The posterior osteophytes are a completely separate issue. The process of removing them is quite different because they are not right out in front like the anterior osteophytes. The surgeons are limited with the tools that they can get to the back of the vertebral body through the disc space after the discectomy is complete. It's relatively easy to get the typical osteophytes that form on the dorsal rim of the vertebral body. The bigger they are, the farther they extend down (or up) the vertebral body and it becomes more difficult to reach them. (The tools can't turn a corner to get too far up or down, away from the disc space.) This is why when the osteophytes get too large, the ADR option becomes more difficult or impossible.

I've watched the discussion change a bit over the years and some doctors are able to do more as they gain more experience. I am particularly interested in this because I probably need 2-level cervical disc replacement and I have large posterior osteophytes and am worried about losing the ADR option. I get a cervical MRI at least once a year to keep tabs on this.

I have resurrected an old post that discussed this, plus the need for adequate decompression during ADR surgery on the Rebound Myelopathy thread.

Mark
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Old 11-22-2006, 01:19 AM
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NN

"The common "lore" in USA spine surgery particularly ADR surgery is to avoid removing bone in the areas discussed above for fear of causing a degenerative cascade resulting for example in auto-fusion at the treated levels."

I'm curious as to your sources for this info. It doesn't seems to make a lot of sense. The hip and knee orthopods do tons of bone removal and set in place metal prostheses without these kinds of issues being significant. I can't see that there's much of a difference, physiologically. Can you enlighten me?
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Old 04-23-2011, 07:11 PM
Roz Roz is offline
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Default auto fusion

Quote:
Originally Posted by mmglobal View Post
In the cervical ADR procedures I've seen, when anterior osteophytes were present, they were 'nipped off' with a tool that looked much like a pair of cobblers pliers. I'm standing next to the doctor asking the same questions you are asking here. The bone wax does seal the 'fresh bone', but will eventually be resorbed. When the bone wax is gone, there are several factors that will reduce or eliminate the risk of the osteophytes reforming.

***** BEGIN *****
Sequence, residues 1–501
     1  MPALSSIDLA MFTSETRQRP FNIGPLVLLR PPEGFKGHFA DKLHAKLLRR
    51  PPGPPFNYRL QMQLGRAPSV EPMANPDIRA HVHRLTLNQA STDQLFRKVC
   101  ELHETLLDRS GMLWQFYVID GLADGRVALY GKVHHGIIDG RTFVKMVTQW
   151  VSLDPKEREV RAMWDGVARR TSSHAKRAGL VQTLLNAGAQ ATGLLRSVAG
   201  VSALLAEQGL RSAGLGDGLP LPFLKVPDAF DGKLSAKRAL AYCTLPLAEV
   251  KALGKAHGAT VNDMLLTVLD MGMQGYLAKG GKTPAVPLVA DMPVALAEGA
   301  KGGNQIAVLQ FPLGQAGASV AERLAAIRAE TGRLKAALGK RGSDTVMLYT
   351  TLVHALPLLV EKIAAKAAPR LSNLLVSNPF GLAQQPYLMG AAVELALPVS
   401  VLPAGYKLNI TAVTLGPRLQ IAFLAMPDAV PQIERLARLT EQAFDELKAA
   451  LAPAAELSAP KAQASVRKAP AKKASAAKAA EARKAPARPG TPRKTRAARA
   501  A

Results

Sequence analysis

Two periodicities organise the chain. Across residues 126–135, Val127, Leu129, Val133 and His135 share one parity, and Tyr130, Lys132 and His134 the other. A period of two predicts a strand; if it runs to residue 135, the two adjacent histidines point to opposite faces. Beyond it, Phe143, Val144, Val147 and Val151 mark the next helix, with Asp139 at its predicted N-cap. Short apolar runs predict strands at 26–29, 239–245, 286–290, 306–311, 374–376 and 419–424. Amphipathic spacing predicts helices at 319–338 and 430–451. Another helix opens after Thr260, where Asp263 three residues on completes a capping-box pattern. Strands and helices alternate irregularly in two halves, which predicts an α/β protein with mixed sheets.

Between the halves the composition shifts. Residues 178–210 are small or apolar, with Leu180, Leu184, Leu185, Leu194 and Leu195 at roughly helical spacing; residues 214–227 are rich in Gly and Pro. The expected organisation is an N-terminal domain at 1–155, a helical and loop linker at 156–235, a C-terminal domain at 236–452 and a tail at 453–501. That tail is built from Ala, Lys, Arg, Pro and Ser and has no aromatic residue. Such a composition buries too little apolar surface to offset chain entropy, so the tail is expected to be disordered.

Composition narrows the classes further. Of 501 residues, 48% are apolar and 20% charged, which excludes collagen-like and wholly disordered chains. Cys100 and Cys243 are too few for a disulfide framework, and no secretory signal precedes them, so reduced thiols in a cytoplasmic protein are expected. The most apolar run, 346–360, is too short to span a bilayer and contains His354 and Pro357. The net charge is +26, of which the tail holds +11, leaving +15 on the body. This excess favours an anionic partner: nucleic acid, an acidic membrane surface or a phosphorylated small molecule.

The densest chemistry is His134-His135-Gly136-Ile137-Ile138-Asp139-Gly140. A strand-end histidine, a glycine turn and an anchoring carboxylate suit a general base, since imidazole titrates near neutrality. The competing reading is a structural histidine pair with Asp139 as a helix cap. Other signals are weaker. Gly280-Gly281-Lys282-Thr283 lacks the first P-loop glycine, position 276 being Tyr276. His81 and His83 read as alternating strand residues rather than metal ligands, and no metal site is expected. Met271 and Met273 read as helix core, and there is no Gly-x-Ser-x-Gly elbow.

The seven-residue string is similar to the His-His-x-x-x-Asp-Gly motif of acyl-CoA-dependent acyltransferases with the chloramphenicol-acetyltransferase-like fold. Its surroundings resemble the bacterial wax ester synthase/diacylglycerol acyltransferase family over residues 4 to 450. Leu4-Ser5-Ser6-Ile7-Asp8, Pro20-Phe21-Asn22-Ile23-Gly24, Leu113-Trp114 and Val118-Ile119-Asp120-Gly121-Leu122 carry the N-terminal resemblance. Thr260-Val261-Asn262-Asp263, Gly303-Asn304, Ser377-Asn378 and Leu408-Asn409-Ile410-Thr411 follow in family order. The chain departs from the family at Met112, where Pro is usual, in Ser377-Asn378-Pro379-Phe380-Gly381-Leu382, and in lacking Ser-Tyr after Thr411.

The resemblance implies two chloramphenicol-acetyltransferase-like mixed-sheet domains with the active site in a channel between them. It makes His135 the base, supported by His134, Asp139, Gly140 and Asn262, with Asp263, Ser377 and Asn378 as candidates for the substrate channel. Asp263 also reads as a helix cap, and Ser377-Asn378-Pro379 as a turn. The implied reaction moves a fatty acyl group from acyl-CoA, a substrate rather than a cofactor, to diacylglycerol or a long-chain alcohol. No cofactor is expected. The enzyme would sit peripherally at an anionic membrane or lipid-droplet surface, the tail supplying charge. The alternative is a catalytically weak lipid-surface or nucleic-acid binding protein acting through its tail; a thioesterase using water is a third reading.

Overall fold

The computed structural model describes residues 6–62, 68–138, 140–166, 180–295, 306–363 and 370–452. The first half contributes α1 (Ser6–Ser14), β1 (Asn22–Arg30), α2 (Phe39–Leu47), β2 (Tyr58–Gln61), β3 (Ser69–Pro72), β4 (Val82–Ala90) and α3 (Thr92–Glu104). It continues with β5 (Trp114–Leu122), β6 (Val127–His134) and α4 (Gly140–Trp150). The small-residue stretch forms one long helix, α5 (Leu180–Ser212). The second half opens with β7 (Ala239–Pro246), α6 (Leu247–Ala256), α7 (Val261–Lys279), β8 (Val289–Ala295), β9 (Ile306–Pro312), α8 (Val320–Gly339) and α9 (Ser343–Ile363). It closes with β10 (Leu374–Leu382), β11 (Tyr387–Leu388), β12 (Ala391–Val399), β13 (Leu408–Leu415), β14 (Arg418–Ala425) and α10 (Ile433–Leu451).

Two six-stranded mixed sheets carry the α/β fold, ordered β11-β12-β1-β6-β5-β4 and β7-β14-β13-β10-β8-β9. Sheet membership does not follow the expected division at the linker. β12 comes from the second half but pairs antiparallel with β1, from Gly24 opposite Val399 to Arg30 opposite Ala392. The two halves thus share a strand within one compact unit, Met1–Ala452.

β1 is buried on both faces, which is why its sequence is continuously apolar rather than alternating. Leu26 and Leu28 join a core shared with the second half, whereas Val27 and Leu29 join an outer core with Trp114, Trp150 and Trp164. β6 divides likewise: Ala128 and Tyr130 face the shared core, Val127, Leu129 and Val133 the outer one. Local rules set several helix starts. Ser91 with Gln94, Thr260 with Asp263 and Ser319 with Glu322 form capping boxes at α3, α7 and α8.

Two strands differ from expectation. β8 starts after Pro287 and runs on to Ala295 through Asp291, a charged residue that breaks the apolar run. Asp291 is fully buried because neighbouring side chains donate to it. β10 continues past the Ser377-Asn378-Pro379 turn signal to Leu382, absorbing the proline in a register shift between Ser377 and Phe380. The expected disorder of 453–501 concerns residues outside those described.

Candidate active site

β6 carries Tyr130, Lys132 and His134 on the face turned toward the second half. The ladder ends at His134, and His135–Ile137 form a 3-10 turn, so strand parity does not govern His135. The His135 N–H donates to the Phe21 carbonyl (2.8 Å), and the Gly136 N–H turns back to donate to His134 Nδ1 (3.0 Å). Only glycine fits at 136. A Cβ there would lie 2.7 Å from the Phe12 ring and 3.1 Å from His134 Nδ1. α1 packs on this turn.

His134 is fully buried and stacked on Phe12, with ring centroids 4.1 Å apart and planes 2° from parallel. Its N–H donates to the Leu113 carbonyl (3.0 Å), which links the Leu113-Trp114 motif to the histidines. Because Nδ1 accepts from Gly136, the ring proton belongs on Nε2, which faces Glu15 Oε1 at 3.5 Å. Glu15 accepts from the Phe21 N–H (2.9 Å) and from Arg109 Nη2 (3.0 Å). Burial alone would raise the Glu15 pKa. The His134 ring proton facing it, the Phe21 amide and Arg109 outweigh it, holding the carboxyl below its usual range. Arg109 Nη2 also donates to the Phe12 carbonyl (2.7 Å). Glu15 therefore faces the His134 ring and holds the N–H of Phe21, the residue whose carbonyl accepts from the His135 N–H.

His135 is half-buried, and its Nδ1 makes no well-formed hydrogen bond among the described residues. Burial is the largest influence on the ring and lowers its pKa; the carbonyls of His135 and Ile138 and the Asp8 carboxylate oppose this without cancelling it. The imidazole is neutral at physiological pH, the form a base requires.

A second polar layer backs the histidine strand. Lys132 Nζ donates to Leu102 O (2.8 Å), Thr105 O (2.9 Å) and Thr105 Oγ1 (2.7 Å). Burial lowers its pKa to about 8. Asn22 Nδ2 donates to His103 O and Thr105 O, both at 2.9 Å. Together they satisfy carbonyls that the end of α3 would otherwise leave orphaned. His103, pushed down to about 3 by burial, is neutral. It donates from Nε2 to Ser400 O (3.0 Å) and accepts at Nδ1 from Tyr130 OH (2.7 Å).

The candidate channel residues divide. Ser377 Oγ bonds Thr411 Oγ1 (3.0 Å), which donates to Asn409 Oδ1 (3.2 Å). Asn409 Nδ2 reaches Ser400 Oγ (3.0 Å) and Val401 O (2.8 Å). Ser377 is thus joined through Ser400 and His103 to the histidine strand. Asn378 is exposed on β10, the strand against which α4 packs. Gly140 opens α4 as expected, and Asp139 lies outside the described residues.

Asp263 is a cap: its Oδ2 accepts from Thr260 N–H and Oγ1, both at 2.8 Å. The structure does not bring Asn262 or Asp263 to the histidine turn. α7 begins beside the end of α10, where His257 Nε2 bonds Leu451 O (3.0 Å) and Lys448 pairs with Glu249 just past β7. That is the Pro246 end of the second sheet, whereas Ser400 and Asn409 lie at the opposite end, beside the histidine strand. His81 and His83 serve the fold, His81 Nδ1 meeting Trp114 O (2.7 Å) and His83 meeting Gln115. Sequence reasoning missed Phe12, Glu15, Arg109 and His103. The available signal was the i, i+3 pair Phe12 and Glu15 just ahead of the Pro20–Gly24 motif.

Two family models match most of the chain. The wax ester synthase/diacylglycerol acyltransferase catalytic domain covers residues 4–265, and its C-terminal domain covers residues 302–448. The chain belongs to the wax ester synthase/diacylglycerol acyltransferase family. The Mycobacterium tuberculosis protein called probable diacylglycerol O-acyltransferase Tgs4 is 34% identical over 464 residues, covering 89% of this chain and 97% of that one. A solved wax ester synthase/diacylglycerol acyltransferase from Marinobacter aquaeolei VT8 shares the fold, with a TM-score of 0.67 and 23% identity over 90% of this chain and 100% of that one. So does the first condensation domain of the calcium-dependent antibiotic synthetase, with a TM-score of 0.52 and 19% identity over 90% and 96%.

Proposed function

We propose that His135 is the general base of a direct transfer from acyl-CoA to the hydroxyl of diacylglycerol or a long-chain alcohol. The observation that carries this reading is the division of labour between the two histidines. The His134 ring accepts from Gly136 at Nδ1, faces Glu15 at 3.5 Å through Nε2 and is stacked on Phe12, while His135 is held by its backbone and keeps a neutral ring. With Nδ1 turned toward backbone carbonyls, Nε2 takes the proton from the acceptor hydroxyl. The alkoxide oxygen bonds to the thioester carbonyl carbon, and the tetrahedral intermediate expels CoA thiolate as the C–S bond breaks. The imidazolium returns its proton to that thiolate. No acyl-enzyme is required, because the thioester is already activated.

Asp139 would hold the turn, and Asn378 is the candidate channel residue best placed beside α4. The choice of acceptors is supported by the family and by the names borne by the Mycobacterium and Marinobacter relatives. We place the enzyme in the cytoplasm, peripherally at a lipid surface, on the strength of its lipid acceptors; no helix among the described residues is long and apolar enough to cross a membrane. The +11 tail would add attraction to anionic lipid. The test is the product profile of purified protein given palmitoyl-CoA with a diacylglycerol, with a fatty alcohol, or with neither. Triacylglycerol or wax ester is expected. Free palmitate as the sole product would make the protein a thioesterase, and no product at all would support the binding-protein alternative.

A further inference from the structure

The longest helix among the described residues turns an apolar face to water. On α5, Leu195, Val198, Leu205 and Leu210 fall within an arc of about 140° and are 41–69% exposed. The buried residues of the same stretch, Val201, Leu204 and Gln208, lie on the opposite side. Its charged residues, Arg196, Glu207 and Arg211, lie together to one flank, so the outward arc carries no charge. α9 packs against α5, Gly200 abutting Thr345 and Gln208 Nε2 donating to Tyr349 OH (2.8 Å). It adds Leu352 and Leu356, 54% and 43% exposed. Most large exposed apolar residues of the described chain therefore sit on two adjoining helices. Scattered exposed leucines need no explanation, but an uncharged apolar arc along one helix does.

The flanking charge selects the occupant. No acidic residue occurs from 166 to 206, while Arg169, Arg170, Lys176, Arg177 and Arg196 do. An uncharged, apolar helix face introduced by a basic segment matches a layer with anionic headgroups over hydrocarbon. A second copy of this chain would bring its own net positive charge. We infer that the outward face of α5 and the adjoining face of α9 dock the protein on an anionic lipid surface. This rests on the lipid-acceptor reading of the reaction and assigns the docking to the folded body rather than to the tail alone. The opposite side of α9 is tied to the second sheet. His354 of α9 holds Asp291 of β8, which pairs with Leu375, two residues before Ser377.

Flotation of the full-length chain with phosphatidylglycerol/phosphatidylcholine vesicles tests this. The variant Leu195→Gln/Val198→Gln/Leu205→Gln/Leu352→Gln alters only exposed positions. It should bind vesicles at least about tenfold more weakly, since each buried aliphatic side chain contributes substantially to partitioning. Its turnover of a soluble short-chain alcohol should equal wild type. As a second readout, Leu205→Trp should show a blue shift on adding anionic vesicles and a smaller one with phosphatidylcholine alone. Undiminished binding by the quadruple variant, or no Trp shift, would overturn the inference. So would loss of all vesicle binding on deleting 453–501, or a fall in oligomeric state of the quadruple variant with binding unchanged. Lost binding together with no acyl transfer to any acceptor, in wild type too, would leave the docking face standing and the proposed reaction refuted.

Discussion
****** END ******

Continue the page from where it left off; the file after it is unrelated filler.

• The osteophyte formation is the response to a structural problem. The body is trying to fuse the segment. With ADR, the collapsed disc space and structural issues should be resolved.
  • The fresh bone is no longer fresh and osteoblast/osteoclast (cells that contribute to bone growth) release should be over
  • The anterior longitudinal ligament that is calcified and participating in this bridging effort is gone.
  • I'm sure that there are many other contributing factors. Here is the place for the 'I'm not a doctor, just sharing my experiences, yada yada yada."

The posterior osteophytes are a completely separate issue. The process of removing them is quite different because they are not right out in front like the anterior osteophytes. The surgeons are limited with the tools that they can get to the back of the vertebral body through the disc space after the discectomy is complete. It's relatively easy to get the typical osteophytes that form on the dorsal rim of the vertebral body. The bigger they are, the farther they extend down (or up) the vertebral body and it becomes more difficult to reach them. (The tools can't turn a corner to get too far up or down, away from the disc space.) This is why when the osteophytes get too large, the ADR option becomes more difficult or impossible.

I've watched the discussion change a bit over the years and some doctors are able to do more as they gain more experience. I am particularly interested in this because I probably need 2-level cervical disc replacement and I have large posterior osteophytes and am worried about losing the ADR option. I get a cervical MRI at least once a year to keep tabs on this.

I have resurrected an old post that discussed this, plus the need for adequate decompression during ADR surgery on the Rebound Myelopathy thread.

Mark
Hi Mark,

You seem to have alot of knowledge about these bone spurs. I had ADR C5-6 in august 2005 in Bangkok, Thailand. the surgeon Dr Nanthandej failed to remove the pre existing osteophytes prior to implanting the ADR. The result was auto fusion and nerve damage with the implant now subsiding according to Dr Bertagnoldi.

I asked him if it was possible to have a forectomy and he said NO because it does not resolve the problem and they will return. I cannot afford to treat in Germany and trying to have fundraisers to have the surgery but that is not going well due to the economy.

Do you know of anyone near Ohio ( Columbus) would take on a patient with no insurance- tried for Medicaid, am a student, with an international surgery that failed that needs the implant removed and replaced and the decompression done.

Do you have any information on whether it is medically necessary to remove the osteophytes that exist and that show severe forminal encrouchment even before the surgery prior to implanting the ADR is medically necessary? The hospital in Thailand did not disclose this and I never knew to ask.

Please advise

Roz